This journey then led me to move to the youth shelter next door where 90% of my clients were addicted to Methamphetamines. These were the formative years for me in street ministry as the Lord began to show me new things about the scriptures, life and grace and most of all, loving people. But despite this incredible ministry in Edmonton, I knew in my heart I wanted to do ministry in Toronto. After a couple of interesting turns, I was invited by Church in the Beach to join the staff in 2007 and it was there that I returned to do ministry in Toronto. I later found a case manager position with a City funded shelter, but I knew that this shelter limited me in ministry as I could not speak of Christ to the youth. I later took a position with Yonge Street Mission in 2008 as a Street Youth worker to join an already seasoned drop-in team to minister to the hardest to reach youth in the city. This was where I honed my skills as a pastor at Church in the City and a Street worker with Yonge Street Mission. The opportunities were endless as I was part of Cornerstone Urban Church where we served community meals to 400-500 people every Saturday, ran a youth ministry in the heart of St. Lawrence, ministered to homeless youth, drug addicts, drug dealers, prostitutes, pimps, etc… Most of all, I did not merely speak of Christ as a hope in their life, but I was able to tangibly help them by being an advocate for them in court, assisting them in getting jobs, help them find housing, etc… I was able to work as a pastor, missionary, and a social worker. These were the skills I presented to Mission’s Canada when I spoke to them about wanting to be involved with our fellowship’s urban strategy to reach the cities.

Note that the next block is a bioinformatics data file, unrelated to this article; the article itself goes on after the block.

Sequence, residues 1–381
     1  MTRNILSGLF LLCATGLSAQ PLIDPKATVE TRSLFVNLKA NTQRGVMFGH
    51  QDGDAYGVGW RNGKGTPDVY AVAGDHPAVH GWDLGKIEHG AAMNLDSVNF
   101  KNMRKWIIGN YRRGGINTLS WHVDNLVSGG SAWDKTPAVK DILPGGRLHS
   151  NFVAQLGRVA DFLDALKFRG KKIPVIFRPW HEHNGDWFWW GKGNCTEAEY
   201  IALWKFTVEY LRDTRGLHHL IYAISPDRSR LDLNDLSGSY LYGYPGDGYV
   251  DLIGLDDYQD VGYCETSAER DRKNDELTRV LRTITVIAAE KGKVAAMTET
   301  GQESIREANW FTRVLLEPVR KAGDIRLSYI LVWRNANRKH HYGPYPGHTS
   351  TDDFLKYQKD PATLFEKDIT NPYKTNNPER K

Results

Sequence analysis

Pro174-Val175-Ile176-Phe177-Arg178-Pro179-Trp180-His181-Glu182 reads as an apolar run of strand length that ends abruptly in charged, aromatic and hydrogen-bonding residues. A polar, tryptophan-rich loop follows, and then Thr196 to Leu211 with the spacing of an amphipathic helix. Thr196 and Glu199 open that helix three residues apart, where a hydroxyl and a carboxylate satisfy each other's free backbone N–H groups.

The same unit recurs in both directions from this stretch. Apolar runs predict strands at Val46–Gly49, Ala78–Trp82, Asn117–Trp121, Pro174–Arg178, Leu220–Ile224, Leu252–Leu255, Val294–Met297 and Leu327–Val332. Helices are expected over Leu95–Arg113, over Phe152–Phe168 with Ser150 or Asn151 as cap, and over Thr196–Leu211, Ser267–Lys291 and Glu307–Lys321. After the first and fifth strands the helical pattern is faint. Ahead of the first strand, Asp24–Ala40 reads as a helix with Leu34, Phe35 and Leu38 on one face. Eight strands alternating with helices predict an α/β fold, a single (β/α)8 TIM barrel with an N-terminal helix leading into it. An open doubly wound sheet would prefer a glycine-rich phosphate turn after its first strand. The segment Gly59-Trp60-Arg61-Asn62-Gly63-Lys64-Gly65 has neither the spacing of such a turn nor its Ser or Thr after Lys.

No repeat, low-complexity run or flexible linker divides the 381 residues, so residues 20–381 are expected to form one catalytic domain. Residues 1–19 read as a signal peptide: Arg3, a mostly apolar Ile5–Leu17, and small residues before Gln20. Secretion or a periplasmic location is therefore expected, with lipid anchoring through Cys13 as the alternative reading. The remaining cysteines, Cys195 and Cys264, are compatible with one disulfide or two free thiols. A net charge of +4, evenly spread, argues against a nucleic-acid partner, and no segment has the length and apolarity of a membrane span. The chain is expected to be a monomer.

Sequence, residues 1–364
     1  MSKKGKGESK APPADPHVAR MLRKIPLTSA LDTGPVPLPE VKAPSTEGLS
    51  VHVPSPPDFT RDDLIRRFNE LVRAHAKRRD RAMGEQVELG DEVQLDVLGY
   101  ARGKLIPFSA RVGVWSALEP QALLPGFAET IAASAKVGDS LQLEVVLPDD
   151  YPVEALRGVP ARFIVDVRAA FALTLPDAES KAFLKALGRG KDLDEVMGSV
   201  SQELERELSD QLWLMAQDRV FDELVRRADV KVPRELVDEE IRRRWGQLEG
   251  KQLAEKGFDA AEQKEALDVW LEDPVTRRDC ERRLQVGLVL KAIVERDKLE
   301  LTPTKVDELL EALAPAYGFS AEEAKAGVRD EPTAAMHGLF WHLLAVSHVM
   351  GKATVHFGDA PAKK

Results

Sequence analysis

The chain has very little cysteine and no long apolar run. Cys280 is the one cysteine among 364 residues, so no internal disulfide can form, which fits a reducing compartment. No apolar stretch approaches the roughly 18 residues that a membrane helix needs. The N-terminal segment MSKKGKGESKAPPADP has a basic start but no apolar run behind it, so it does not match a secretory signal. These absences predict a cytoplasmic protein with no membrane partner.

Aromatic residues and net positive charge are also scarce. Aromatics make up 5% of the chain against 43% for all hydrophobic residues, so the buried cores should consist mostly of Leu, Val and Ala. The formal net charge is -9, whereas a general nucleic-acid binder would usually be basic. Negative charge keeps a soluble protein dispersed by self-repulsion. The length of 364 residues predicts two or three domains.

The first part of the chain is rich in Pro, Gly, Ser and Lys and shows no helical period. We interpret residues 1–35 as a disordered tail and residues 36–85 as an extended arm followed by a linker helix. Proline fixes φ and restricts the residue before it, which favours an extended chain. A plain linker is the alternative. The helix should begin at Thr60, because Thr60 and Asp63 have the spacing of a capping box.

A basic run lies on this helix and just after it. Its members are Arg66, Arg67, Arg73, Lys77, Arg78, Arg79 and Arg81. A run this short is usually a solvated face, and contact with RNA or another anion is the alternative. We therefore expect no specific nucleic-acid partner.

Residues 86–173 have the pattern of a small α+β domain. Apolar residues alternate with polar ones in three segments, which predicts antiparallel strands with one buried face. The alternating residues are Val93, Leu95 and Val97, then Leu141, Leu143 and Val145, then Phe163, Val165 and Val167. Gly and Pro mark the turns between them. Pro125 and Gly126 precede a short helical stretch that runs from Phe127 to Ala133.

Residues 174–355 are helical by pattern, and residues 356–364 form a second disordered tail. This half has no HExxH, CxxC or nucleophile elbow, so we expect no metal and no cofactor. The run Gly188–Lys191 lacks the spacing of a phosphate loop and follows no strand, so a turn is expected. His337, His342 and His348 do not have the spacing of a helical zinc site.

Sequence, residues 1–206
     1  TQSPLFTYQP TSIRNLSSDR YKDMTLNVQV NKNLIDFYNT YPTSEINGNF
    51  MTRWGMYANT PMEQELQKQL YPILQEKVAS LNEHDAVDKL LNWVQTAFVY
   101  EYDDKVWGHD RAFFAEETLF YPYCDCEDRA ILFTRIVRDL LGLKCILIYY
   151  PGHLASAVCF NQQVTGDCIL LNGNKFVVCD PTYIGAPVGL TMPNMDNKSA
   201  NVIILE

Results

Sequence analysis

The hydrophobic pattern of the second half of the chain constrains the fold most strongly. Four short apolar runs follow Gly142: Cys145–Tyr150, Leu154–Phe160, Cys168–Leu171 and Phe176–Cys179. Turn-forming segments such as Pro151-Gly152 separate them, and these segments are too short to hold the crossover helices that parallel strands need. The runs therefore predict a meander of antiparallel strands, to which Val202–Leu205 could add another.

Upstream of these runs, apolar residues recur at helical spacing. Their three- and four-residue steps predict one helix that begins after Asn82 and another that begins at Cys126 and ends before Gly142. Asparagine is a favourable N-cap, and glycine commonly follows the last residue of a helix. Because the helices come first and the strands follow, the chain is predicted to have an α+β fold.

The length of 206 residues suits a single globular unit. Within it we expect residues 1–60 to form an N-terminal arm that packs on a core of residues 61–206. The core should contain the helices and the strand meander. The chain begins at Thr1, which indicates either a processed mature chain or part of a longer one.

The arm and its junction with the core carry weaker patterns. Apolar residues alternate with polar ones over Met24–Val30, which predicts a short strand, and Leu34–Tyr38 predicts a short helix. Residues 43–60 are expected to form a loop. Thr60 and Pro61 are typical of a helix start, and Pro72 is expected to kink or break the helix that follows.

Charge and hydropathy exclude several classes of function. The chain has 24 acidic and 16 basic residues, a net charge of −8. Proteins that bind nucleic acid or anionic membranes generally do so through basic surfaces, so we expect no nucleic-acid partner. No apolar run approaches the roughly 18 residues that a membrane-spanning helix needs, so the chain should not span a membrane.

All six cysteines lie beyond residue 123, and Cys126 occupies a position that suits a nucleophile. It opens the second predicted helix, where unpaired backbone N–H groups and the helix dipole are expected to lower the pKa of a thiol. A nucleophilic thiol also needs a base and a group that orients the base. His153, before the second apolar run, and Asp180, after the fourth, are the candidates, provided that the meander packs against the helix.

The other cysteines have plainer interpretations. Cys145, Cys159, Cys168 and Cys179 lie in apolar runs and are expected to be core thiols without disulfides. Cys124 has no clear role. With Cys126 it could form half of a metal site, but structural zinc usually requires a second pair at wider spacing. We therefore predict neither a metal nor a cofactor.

Now I am dreaming along with Mission Canada to see what God has in store next. The past 8 years of street ministry has been an incredible journey, but I am praying and dreaming to see how God will mix these two worlds in my life and for the church. The reality is, despite the great ministry I’ve been able to do, there still exists two tensions: The Church and Social Work. This reality has existed for a long time, but recently I have noticed that the church at large is beginning to ask some interesting questions about justice, and serving the poor. To which I believe being a catalyst for missionally minded urban leaders who will invest in the downtown core might bring us to see some exciting possibilities. So my main goals are: 1. Create awareness for the realities of downtown ministry 2. Recruit and train other Urban workers 3. Begin a downtown movement/expression of ministry that will not only birth churches, but tangible social initiatives that meets an unmet need in the city.